MRRL Hall of Fame
- Category: Inductees
- Created: Friday, 30 September 2011 08:36
- Written by Gary Johnson
Although the Stooges were sometimes put down in their home state of Michigan, they have emerged over the years as the most important of the Detroit-area bands of the late 60’s in regards to their influence in both the Punk Rock movement in the 70’s and the Grunge Rock bands of the 90’s. Led by the outrageous and self-destructive Iggy Pop, the Stooges produced three classic studio albums before flaming out in 1974, only to be improbably rekindled almost 30 years later.
James Osterberg (a.k.a. Iggy Pop) was born in Muskegon, Michigan, in 1947. Shortly after his birth, Jim’s family moved to Ypsilanti, MI, where his father got a job teaching English at the local high school and his mother worked in an office in nearby Ann Arbor. There was a post-war housing shortage in the area at this time, and the Osterberg family lived in a in a trailer park off of Carpenter Road.
Although he was an only child, Jim grew up among lots of other ‘baby boomer’ kids and attended an elementary school located across the street from his home. According to Paul Trynka’s biography of Iggy Pop, Open Up And Bleed, even after his father landed a better-paying teaching position in the Dearborn school district, he continued to keep his family in the park because he felt that “trailers made sense”. In fact, Jim’s parents would not move from that location until 1982.
Jim Osterberg went through school as an academically successful and popular student who was an avid golfer and had impressive public speaking skills. Fellow students remembered him as a clean cut, ‘preppy’ dresser, but also being somewhat ashamed that he lived in a trailer park.
Jim’s introduction to music came with the drums that he played first in the school marching band and then orchestra. He didn’t get into Rock and Roll until 1961 when he befriended guitarist Jim McLaughlin. The duo practiced together long hours after school before making their debut at their junior high grade spring talent show.
By the time Osterberg and McLaughlin started attending Ann Arbor High, they had been joined by a bassist, sax player, and another guitarist to form and band that Jim named The Iguanas. The band played area high school dances and University of Michigan frat parties.
Jim got a job after school at Ann Arbor’s Discount Records under the supervision of manager Hugh “Jeep” Holland. (Holland would first call him “Iguana” at the store, and that would eventually lead to the famous the “Iggy” nickname.) It was while working at Discount Records that Jim first got to know brothers Ron and Scott Ashton who often hung out on Liberty Street outside the store.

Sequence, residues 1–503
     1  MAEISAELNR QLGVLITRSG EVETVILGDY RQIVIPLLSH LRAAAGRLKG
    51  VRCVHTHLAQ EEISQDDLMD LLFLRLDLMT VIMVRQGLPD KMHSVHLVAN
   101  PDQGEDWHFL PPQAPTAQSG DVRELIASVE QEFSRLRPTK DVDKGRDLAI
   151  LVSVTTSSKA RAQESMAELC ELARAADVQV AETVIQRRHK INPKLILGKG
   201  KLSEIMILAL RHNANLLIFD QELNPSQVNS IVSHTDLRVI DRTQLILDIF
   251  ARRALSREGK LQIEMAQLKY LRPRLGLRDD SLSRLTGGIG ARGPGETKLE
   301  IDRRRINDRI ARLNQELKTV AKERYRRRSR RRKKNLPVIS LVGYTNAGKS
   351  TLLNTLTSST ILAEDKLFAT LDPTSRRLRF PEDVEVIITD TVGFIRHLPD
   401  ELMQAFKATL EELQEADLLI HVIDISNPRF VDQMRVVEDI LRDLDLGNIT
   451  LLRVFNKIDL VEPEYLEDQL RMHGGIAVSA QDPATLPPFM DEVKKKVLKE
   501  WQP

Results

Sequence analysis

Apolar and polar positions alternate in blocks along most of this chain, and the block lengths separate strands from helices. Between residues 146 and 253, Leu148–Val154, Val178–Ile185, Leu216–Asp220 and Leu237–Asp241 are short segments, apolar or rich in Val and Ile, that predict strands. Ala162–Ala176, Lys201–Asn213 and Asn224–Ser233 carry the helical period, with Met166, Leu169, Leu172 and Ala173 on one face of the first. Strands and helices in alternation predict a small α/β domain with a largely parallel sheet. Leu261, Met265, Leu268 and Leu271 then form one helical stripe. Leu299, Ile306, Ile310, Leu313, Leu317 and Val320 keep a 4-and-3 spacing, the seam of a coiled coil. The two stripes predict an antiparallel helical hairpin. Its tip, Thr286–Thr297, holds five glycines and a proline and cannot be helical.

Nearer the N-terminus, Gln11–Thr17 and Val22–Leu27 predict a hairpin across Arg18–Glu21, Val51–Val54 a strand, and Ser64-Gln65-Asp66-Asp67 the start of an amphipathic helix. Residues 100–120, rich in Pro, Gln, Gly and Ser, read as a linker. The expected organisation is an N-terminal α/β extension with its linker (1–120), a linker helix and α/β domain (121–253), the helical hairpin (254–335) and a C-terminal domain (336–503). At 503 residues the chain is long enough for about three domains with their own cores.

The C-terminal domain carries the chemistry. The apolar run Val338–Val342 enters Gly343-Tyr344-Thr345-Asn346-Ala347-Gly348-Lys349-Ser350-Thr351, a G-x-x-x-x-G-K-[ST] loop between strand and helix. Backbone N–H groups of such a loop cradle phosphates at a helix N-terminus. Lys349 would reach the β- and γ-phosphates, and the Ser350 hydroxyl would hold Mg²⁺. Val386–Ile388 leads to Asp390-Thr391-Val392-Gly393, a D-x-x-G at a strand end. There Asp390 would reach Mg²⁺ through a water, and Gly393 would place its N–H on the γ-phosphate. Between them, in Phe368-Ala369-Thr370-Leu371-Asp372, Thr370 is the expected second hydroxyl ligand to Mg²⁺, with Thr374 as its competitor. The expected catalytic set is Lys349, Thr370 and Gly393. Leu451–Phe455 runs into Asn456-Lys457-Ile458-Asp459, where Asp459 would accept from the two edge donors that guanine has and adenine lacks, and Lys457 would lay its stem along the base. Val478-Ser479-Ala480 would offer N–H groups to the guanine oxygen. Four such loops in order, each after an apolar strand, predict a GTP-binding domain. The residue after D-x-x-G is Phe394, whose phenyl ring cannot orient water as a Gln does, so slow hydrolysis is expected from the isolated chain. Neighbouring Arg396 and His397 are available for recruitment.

During the summer of 1965, The Iguanas got a dream gig as the house band at the Club Ponytail in trendy Harbor Springs, Michigan.
Playing five nights a week, they developed into a tight little band confident enough to back visiting stars such as The Shangri-Las, Four Tops, and Bobby Goldsboro when they appeared at the club. After their return home, the band recorded a single at United Sounds Recorders in Detroit; an original tune called “I Don’t Know Why” backed by a cover of Bo Diddley’s “Mona”.
By the end of the year, however, the scene was changing in Southeast Michigan. Spearheaded by the national success of Mitch Ryder and The Detroit Wheels’ breakout hit, “Jenny Take A Ride”, and the rise of area teen clubs, a host of tough young bands playing Blues and Soul-based music emerged as the leaders of a new musical trend.
The Rationals, Bob Seger & The Last Heard, The Underdogs, and The Fugitives to name just a few, were headlining the teen clubs, putting out singles on small independent Michigan labels, and garnering airplay on Detroit-area AM stations. Jim sensed the changes, and he left the Iguanas at the end of 1965 to drum for a new Ann Arbor band called The Prime Movers. Ron Asheton worked as a roadie for the band.
With his nickname of Iggy now firmly entrenched, he played with the Prime Movers for a year before he decided to move to Chicago and become a Blues drummer. While in the Windy City, Iggy worked with Big Walter Horton, J B Hutto, and James Cotton. He also met John Sinclair for the first time while living in Chicago. Iggy, however, suddenly decided to end his Blues odyssey and was back in Ann Arbor for the summer of 1967.
Ron and Scott Asheton had moved to Ann Arbor with their mother in 1963, following the death of their father. The brothers had first played in a garage band with classmate Dave Alexander called The Dirty Shames.
After he left his roadie job with The Prime Movers, Ron had played in a group with singer Scott Richardson called The Chosen Few. Ron and the Chosen Few had the honor of opening the Grande Ballroom in 1966. After Richardson had left the band to front the Scot Richard Case, Ron was looking to put together a new band. His love of the Three Stooges led to the moniker 'Psychedelic Stooges' for the new group that he formed with Iggy, his brother Scott, and eventually Dave Alexander.